12. Daibell

    Daibell LADA · Master

    Messages:
    11,085
    Likes Received:
    6,815
    Trophy Points:
    298
    Hi. Overall you have done well. I suspect you are gradually still losing weight but not as fast as you would like. As long as you are losing, albeit slowly, that's fine. As other have said the important thing is BS level. Note that you no doubt still have some insulin resistance which will slowly fade. What sort of foods do you now eat?
     
  13. MrsA20

    MrsA20 · Guest

    Sorry for any confusion. I had been trying to lose weight and cut carbs for about 6 weeks before I had the tests. Then there was a gap of about 4 weeks before I could get the results, and the results said diabetic. 53 and 7
    It was a telephone consult with the GP and she wasn't very helpful. She sounded cross that I didn't know I was diabetic before. .. duh!
    I have now ordered a monitor and will start testing as soon as it arrives
    I eat:
    Whole oats as either unsweetened porridge or overnight oats with grated apple or scrambled eggs for breakfast.
    Lunch is veg soup or salad. Sometimes a piece of fruit too.
    Evening is protein with 3/4 plate being vegetables (no potatoes)
    Snack if any is nuts or falafel
    I drink herbal tea or water, no coffee or alcohol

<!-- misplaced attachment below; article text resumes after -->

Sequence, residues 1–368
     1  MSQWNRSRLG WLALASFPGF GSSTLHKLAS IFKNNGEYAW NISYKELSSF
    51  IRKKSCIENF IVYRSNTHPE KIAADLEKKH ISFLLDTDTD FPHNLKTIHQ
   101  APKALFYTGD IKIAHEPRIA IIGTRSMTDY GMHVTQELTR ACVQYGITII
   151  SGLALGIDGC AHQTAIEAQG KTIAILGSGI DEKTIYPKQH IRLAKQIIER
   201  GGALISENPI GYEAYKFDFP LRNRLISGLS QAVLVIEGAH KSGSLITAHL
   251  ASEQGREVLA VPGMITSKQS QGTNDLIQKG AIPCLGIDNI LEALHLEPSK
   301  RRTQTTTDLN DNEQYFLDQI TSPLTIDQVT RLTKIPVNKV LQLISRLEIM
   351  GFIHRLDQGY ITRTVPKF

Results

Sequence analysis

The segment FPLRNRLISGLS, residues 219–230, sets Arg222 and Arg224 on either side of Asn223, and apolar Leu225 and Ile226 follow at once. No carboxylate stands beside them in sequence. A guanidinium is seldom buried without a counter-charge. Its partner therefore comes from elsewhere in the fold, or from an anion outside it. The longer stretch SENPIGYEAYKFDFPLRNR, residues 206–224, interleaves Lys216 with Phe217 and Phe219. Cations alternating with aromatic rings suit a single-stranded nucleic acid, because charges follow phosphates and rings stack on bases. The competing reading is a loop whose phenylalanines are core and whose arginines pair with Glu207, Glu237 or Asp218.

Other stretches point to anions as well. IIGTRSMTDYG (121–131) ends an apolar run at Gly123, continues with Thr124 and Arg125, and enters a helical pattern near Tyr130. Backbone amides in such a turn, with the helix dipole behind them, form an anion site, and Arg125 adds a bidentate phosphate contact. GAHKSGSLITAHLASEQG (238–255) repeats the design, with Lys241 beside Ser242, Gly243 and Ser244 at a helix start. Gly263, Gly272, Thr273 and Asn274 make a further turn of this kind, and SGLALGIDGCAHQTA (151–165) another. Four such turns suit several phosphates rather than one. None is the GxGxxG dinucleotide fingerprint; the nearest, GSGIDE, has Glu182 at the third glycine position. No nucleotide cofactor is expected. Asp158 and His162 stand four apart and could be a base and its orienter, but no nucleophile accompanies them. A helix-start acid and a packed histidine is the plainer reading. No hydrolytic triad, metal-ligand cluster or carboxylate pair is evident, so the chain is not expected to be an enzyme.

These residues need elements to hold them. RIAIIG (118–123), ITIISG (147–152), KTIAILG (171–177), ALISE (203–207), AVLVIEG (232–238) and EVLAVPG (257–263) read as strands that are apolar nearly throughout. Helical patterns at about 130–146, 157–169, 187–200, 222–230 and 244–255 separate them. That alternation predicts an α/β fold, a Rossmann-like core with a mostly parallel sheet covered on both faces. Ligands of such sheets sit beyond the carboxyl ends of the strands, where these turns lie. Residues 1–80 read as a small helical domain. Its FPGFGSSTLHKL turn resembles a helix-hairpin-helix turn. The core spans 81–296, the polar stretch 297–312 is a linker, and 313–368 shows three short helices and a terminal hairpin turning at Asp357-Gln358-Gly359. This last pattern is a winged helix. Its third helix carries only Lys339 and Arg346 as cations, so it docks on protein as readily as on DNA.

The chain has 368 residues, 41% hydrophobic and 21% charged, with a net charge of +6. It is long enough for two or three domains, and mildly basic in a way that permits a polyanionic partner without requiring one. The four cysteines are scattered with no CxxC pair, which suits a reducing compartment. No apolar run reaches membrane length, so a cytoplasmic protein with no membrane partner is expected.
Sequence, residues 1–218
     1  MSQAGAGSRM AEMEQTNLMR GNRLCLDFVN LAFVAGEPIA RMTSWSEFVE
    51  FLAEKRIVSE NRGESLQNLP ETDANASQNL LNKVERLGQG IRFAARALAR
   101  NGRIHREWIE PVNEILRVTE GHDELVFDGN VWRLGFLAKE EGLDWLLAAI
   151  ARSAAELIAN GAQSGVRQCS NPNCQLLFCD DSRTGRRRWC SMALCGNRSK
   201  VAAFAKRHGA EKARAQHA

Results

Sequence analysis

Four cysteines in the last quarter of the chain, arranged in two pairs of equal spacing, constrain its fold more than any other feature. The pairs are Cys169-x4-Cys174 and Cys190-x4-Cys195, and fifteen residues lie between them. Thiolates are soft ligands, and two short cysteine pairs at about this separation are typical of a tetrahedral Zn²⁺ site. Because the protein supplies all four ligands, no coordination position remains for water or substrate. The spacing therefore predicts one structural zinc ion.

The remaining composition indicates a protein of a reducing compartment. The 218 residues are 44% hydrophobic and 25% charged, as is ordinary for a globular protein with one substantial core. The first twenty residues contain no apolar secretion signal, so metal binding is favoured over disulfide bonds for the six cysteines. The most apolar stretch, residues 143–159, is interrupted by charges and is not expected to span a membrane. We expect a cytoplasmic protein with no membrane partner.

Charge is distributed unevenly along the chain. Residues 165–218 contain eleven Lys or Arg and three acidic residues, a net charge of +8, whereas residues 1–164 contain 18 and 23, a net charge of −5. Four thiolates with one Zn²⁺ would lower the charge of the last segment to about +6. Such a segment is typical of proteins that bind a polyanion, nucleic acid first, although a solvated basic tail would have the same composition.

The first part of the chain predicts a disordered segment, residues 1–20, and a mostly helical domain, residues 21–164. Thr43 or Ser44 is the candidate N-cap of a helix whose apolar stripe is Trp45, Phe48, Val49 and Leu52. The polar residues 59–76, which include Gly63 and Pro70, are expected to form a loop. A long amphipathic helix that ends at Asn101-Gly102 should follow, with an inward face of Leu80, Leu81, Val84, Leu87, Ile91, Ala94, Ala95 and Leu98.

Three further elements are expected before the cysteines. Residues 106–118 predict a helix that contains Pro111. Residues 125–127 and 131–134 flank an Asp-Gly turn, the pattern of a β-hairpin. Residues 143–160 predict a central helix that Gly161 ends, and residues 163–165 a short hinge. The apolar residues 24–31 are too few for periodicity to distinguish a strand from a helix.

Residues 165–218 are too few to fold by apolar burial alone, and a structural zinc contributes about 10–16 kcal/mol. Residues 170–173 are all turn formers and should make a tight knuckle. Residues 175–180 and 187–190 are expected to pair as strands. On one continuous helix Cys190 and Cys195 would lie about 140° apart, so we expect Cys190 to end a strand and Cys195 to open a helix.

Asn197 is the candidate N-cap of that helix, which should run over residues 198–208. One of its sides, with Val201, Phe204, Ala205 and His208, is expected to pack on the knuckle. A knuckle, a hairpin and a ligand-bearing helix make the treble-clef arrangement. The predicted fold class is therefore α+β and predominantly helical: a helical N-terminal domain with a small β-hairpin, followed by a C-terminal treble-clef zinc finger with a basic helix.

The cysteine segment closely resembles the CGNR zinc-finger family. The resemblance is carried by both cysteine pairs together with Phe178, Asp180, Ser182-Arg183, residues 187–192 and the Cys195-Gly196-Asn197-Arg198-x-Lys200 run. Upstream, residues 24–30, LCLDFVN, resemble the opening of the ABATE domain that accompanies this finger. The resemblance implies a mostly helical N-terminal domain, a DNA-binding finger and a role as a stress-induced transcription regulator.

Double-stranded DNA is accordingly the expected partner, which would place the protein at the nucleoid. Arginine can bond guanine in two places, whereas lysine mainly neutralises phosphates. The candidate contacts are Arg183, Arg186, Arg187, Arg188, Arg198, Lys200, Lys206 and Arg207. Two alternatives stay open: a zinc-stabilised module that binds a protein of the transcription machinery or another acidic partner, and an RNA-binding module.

I've just had 10 days of 24 hours on off fasting as had tummy bug and still only lost a lb or 2 in that time.

    Thanks for all the support. Learning so much!
     
  14. HSSS

    HSSS Type 2 · Well-Known Member

    Messages:
    3,930
    Likes Received:
    1,925
    Trophy Points:
    198
    The porridge is likely a poor choice to start the day. Make that a priority to check with the meter. Fruit isn’t the best either. High in glucose and fructose (which won’t show on the meter but contributes silently to insulin resistance). Try sticking to a few berries instead. Falafel would be an issue for me too.

    I suspect you are going in the right direction and there’s some impatience for it to show as weight loss more quickly. Metabolic healing and blood sugars are and should be the first places changes will show. The weight loss will come once your body is working more efficiently. Keep going. Don’t be tempted to reduce calories too much or all you’ll do is slow your metabolism. If you are hungry increase fats and perhaps protein

    weight loss during illness is always erratic.
     
  15. AloeSvea

    AloeSvea Type 2 · Well-Known Member

    Messages:
    1,442
    Likes Received:
    1,650
    Trophy Points:
    178
    Hi again @MrsA2 (or @MrsA20 ? Whichever is working..:)), and @JoKalsbeek,

    I just want to make this clear, about perimenopausal women and postmenopausal women finding it harder to lose weight. And yes, it is from my own health and medical perspective -

    1. Harder to do does not mean you can't do it! There are plenty of slender or normal weighted older women, and I am one, since going low-carb. (I also have perfectly good muscle, which is also supposed to drop post menopause. Dropping does not mean you can no longer be strong! Just that maybe you can't compete in weight lifting competitions with younger women - obviously perhaps...)

    2. Menopause - shifting to being infertile - is perfectly normal and healthy! It is part of being the human animal. It is not a state of lack and ill-health that needs to be medicated for with synthetic hormones or otherwise.